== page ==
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Bengals defense saves best for last again

11-10-03, 6:30 a.m.


Yes, the Texans set a franchise record for scoring their most points. And they got their longest run from scrimmage on Domanick Davis' 51-yarder Sunday against the Bengals' defense in Cincinnati's 34-27 victory.

But like they did when they allowed Seattle 459 yards two weeks ago in a 27-24 victory over Seattle, the Bengals came up with clutch plays on defense to preserve the victory.

And they came from two free-agent veterans added in May and June for their experience and past productivity. Strong safety Rogers Beckett's blitz and sack of Texans quarterback David Carr on third down from the Bengals 8 held Houston to a field goal with 1:33 left in the third quarter and gave the Bengals only a 27-24 deficit.

Then with 2:32 left in the game and Cincinnati leading, 34-27, defensive end Duane Clemons came clean on a stunt with tackle John Thornton and tipped Carr's pass that ended up in the hands of Bengals rookie cornerback Terrell Roberts at the Houston 18.

"The bottom line is the score and we won," said safety Kevin Kaesviharn. It doesn't matter if it's 68-52 or 10-3."

Kaesviharn was a key guy Sunday. Because Beckett was hurting with an abdominal strain, he made his first start ever at strong safety. Then when cornerback Jeff Burris went down in the first series of the third quarter with an undisclosed injury, he moved to corner for the first time since last year.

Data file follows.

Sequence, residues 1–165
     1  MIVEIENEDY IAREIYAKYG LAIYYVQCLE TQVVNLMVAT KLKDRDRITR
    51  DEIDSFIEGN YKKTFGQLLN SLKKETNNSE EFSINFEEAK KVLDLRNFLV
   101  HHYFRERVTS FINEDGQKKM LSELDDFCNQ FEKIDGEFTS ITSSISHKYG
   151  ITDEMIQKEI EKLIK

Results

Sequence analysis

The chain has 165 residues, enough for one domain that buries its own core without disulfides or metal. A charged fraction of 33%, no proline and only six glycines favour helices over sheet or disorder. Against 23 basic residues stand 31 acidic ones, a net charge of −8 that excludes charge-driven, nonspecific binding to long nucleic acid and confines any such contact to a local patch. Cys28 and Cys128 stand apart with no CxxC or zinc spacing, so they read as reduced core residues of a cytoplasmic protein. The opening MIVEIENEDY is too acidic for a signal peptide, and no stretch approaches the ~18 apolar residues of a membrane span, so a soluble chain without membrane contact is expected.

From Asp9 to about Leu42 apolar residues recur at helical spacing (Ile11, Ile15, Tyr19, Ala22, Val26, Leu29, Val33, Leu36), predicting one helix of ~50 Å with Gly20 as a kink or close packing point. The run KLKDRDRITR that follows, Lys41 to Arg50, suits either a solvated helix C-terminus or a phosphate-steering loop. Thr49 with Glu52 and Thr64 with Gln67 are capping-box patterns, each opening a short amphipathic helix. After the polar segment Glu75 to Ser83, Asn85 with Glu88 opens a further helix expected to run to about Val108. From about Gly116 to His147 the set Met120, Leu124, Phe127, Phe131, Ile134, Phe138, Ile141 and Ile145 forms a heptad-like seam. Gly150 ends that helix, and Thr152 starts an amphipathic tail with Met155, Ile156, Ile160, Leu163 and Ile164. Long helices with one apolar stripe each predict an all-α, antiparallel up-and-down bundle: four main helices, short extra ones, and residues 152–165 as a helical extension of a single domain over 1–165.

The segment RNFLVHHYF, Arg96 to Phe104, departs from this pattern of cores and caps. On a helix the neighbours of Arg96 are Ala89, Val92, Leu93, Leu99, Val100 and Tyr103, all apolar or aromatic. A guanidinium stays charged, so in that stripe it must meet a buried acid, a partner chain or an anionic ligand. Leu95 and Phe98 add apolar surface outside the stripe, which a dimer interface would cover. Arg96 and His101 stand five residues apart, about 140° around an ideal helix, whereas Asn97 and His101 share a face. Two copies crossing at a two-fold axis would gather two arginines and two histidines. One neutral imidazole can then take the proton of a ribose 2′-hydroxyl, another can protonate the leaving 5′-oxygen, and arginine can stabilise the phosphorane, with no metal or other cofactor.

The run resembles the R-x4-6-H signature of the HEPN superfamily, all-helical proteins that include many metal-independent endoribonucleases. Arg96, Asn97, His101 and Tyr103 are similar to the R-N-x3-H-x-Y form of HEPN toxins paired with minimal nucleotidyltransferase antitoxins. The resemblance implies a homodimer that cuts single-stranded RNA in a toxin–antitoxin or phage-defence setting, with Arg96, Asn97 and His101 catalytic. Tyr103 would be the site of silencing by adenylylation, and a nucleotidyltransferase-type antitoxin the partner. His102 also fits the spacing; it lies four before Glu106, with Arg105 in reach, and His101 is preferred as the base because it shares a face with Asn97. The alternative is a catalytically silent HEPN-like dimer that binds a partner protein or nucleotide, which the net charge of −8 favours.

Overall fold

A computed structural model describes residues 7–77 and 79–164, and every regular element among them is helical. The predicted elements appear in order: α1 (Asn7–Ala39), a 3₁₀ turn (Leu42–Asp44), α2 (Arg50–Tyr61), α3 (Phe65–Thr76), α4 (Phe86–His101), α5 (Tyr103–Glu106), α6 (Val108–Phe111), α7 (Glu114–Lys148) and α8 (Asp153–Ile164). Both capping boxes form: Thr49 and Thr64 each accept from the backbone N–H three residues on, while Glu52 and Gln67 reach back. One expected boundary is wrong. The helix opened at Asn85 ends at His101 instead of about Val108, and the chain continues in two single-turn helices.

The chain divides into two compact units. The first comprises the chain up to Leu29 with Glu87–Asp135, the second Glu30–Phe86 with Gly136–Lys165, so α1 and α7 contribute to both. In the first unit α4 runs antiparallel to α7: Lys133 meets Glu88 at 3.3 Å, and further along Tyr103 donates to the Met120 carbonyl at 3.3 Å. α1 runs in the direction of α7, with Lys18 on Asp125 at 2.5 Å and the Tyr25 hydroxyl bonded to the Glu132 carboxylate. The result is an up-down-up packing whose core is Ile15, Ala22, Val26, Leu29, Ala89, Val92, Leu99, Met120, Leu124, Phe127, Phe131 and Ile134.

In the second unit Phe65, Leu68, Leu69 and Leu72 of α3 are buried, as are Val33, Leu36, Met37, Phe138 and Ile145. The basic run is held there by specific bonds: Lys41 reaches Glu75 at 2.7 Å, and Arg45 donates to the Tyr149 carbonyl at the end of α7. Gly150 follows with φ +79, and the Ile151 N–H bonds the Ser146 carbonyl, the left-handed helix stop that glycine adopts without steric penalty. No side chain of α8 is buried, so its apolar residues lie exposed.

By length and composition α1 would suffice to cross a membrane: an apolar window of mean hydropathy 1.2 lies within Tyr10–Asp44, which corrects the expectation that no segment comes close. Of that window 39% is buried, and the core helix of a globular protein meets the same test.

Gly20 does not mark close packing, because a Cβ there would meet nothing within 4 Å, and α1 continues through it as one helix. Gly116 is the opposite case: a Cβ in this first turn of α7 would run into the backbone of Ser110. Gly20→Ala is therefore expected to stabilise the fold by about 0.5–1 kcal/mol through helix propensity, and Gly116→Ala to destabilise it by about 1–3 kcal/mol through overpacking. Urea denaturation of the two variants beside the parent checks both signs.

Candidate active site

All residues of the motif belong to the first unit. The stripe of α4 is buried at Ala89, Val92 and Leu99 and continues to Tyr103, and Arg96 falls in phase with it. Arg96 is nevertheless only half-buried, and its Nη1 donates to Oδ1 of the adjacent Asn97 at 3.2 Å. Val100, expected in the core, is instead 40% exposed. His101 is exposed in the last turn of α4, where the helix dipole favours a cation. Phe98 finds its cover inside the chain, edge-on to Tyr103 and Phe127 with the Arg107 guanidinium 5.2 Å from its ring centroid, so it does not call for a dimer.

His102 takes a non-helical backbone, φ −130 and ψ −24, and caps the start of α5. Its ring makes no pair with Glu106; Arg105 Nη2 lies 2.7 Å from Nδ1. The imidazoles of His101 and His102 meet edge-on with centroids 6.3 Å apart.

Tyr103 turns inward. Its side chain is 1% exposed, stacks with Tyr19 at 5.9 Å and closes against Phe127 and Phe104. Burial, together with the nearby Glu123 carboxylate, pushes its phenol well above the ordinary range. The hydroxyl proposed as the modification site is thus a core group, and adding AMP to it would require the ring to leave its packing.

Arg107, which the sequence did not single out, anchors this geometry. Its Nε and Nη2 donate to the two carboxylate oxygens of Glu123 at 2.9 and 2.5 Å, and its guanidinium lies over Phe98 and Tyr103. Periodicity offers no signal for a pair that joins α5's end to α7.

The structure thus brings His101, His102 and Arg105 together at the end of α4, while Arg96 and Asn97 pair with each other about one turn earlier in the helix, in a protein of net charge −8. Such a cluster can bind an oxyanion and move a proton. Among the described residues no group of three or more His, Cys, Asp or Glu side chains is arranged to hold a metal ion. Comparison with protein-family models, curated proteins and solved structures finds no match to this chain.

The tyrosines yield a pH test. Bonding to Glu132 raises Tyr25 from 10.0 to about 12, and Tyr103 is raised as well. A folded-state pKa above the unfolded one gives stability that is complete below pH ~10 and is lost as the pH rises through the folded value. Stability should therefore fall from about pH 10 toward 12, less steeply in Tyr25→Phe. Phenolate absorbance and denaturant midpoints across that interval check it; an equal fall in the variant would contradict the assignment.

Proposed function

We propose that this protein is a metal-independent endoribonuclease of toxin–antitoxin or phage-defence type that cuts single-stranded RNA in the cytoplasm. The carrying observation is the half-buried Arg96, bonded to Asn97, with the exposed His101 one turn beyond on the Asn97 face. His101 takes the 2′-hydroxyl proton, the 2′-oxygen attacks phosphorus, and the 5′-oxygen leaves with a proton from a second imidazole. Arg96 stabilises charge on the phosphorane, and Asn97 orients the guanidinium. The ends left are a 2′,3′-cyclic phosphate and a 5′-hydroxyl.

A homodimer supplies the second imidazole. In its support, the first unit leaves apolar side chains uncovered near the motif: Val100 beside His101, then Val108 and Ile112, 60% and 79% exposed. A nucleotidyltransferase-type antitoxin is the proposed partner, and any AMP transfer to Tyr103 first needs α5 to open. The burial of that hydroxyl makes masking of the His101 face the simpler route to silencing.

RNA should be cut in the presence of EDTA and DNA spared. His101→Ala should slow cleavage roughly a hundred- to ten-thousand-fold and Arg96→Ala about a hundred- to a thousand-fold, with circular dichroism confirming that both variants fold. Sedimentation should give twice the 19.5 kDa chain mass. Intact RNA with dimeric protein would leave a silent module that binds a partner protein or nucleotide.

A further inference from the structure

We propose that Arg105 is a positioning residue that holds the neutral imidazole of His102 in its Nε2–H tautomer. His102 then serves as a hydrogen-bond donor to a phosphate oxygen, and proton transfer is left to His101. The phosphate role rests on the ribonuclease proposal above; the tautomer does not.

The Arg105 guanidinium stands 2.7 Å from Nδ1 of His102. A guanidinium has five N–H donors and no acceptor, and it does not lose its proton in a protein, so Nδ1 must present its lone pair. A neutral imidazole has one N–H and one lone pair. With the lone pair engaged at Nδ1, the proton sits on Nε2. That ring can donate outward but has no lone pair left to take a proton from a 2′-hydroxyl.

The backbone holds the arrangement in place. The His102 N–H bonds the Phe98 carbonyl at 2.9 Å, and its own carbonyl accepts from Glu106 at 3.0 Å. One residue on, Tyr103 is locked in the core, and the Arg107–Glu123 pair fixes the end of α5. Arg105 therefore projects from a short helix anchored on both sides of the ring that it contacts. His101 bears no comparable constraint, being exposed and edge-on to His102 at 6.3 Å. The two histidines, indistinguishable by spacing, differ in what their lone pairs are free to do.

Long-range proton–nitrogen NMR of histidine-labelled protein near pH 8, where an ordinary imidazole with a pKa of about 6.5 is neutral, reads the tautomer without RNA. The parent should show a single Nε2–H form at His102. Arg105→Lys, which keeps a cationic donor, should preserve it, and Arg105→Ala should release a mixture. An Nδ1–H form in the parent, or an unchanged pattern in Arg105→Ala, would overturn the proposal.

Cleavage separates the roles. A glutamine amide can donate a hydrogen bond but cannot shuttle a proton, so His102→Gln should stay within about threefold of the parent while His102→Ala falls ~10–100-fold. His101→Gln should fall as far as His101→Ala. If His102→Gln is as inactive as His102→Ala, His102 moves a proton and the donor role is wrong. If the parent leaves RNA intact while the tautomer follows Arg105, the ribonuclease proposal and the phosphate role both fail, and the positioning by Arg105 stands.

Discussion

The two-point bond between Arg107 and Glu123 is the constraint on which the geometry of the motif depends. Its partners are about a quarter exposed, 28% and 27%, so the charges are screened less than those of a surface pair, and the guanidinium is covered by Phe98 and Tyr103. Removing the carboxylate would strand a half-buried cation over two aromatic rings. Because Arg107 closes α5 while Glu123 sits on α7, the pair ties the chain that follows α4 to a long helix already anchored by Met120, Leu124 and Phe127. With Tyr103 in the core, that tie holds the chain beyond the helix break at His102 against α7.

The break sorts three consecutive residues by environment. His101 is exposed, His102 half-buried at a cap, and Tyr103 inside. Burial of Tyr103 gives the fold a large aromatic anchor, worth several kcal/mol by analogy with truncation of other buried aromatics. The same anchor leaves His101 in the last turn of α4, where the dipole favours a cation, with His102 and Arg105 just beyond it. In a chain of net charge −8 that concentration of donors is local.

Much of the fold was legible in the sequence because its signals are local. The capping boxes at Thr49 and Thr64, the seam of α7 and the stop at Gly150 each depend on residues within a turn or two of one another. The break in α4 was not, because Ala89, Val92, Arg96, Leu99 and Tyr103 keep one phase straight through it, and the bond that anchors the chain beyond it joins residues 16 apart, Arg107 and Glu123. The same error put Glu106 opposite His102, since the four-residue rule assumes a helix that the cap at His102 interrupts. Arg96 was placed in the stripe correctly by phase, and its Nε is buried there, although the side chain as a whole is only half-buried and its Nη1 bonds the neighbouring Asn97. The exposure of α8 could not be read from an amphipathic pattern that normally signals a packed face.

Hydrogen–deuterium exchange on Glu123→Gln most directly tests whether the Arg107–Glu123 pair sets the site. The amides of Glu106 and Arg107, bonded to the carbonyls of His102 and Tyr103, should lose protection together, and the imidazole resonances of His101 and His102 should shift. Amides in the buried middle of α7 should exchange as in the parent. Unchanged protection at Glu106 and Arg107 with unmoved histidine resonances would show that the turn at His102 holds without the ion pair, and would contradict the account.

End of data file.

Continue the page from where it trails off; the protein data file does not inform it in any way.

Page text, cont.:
"Like riding a bike," said Kaesviharn, who admitted he was rusty and gave the Texans' speedy receivers some chances deep that they couldn't convert. "Those are like foul balls in baseball."

How tough is Beckett? After hurting himself while making a team-high 11 tackles last week, he told the coaches it only hurt when he tackled someone. So they took him out of the regular lineup, but went with him on passing downs. They had tried that same blitz twice in the game, but each time left tackle Chester Pitts picked him up.

"And he did his business both times with me. Told me not to come in there again," Beckett said. "The third time I tried to disguise it a little longer and I don't know who he picked up that time."

GREAT PICKUP: The Bengals stunned the world by picking up kicker Shayne Graham off waivers five days before the season and he still hasn't missed from less than 54 yards. On Sunday, he hit his 12th and 13th straight from inside 54, both 40-yarders and the last one coming with 2:32 left to give the Bengals their margin of victory.

But his biggest contribution came right after the Bengals took a 31-27 lead early in the fourth quarter, when as the last man on the kickoff he upended J.J. Moses at the final instant for what appeared to be a touchdown saver at the Texans 39.

"I just wanted to make sure that I got the right leverage and got my head across," Graham said. "I didn't want him to leave me grabbing for air. I've done that before. Thankfully things worked well to get the angle.

"It was very reassuring to look back and see him on the ground and then walking back to the sideline."

Moses rolled up 186 yards on seven kicks and what do you think NFL leader Dante Hall is thinking as he comes in with the Chiefs Sunday?


FOLEY RETURN:** Former Bengals linebacker Steve Foley said he wanted to make a big play against his former mates Sunday, and he did make a nice special teams tackle. But the closest thing he came to a big play was Bengals wide receiver Peter Warrick's reverse off a reverse for a vintage Florida State run of 20 yards. He put on the brakes to his left before heading back right, leaving Foley and free safety Marlon McCree in the lurch.

"I don't know what the atmosphere is like over there. I don't know how guys are going about it day-to-day," Foley said, "but just by looking, I think I saw some guys that were more in tune and more into it later in the game. In the latter parts of the game, they kept their heads together and made plays. If anything, that's the difference that I saw." 
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